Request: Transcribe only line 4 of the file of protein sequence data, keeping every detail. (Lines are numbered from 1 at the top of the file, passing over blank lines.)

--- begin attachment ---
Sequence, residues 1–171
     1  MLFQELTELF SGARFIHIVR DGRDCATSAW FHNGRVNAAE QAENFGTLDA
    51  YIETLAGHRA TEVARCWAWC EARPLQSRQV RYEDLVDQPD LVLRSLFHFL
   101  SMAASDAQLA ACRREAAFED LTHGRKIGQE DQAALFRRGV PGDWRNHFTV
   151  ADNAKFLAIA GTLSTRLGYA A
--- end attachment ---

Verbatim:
   101  SMAASDAQLA ACRREAAFED LTHGRKIGQE DQAALFRRGV PGDWRNHFTV